Wednesday, August 08, 2007

Faithful Musings

A few months ago, I found a site where a guy had written blog commentary on the various books of the Bible. I find the commentary insightful and interesting.

Those who know me best know that I'm not religious. I was raised Catholic, but never fully embraced that religion even as a kid. My feelings toward any kind of organized religion are tolerance at best. But years of Catholic up-bringing do tend to result in what I call an "agnostically challenged" state when it comes to religion and my feelings about a higher power.

I've asked myself the question on several occasions about how I feel about the possibility of a God. Over the years, this has led to me considering other faiths including Judaism, Wicca, Lutheran, and a return to Catholicism. Each time, the main issue that confronted me was my ability to "suspend belief" and believe that a God existed as explained by scripture or that multiple Gods/Spirits existed. I found it near impossible.

However, I've never quite doubted that something exists outside of ourselves as human beings. And that is why I never classified myself as an Atheist, but sometimes feel "agnostic" even too specific a label.

Part of me thinks that I will find the answer some day, but that the answer will only truly come with death. I'm not looking to be saved, nor do I wish anyone to try. It took me awhile to determine that sitting with other people in an attempt to worship something that we all probably had different opinions about was not the right thing for me.


Emma said...

Excellent post. I often describe it as being a genetic anomaly...I was apparently born without the "belief gene." I've tried. I just can't do it.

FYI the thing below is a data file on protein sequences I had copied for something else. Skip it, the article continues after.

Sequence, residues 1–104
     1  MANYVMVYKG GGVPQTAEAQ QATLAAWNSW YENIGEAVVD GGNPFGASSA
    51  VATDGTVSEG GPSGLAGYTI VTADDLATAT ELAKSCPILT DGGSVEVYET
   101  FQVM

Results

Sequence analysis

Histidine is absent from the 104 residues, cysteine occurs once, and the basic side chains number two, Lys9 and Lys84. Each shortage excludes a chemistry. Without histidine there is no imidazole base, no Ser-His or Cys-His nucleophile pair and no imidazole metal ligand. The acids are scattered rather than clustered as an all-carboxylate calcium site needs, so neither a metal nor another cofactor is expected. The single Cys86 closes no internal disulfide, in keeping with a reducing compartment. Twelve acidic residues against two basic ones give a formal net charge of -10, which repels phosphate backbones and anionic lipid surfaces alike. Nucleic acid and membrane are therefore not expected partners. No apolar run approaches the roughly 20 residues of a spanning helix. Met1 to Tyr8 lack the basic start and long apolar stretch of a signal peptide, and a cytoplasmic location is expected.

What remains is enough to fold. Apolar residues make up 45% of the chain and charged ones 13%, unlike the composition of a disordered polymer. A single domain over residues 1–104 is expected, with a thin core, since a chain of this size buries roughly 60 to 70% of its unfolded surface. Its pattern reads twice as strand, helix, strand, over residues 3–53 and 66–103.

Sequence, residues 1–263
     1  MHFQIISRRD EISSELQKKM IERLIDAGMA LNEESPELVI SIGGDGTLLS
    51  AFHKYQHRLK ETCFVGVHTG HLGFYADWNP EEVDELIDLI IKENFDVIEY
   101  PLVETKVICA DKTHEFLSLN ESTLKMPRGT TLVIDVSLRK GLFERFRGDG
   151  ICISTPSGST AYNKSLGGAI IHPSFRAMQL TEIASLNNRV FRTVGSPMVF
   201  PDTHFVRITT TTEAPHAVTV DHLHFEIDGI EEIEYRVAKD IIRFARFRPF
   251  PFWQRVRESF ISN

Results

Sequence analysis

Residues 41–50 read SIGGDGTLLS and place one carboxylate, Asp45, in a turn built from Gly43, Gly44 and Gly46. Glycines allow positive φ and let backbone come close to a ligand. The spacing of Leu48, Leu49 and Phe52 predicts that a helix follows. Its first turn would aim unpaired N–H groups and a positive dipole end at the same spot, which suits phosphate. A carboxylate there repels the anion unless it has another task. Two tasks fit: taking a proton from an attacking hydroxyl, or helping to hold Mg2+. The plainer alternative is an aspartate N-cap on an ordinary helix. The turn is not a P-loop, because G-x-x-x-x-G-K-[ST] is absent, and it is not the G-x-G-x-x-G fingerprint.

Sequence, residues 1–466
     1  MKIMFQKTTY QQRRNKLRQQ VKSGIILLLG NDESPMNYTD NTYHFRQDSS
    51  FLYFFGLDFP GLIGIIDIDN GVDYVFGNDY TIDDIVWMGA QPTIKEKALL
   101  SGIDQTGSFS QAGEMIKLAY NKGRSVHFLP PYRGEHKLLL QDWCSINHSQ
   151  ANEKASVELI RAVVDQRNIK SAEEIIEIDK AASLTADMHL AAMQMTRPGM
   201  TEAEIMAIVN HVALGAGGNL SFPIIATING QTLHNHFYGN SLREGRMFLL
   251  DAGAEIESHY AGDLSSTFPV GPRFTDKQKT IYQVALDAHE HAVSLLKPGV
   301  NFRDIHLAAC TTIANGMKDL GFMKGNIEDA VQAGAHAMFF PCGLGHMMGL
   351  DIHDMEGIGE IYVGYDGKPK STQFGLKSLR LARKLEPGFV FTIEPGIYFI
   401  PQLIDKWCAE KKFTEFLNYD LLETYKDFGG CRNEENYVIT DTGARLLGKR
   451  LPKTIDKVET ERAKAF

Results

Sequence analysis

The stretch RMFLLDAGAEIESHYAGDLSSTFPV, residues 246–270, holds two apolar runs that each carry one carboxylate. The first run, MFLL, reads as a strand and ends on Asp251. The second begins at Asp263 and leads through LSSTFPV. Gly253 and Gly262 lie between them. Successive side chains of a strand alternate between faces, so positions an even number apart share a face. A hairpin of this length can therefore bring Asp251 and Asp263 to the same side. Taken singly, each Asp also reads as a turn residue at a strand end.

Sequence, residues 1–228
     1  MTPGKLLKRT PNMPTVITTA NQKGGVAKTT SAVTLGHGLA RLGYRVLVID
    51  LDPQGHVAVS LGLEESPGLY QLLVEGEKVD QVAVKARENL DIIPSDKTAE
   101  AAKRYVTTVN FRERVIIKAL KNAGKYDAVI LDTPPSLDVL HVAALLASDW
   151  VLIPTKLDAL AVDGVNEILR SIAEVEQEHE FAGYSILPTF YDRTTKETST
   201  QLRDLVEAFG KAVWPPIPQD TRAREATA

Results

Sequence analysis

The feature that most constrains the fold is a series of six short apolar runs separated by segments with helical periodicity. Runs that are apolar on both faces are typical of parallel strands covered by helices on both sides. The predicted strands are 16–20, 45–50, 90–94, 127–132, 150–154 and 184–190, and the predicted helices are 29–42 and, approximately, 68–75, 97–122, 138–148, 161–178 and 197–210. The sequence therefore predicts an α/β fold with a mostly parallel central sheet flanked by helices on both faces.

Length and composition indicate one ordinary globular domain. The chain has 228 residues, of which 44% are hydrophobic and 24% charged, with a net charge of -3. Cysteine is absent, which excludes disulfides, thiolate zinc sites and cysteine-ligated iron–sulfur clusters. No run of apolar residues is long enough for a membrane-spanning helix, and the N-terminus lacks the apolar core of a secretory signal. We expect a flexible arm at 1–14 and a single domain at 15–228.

gasaholic said...

Have you ever read Joseph Campbell's works, or have you seen The Power Of Myth?" It helped me understand my own conflicts with my Judaism better, and look past all the trappings of organized religion. I also understand that there are things beyond human understanding that both science and religion are trying to grasp.

Campbell is quoted as saying "All religions are true in this sense; They are true as metaphorical of the human and cosmic mystery." He was a Catholic himself, and his own explorations into mythology allowed him to see beyond the concrete trappings of Catholicism, and past the theological aspects of religion in general.

gasaholic said...

Oh, I forgot, the other great thing about Campbell's work is how he ties in mythology and psychology, especially through Jung and others. It helped him to find the common threads that link all religions and belief systems, from Shamanism, to Hinduism, to Buddhism, and to Juedo-Christian-Islamic belief.

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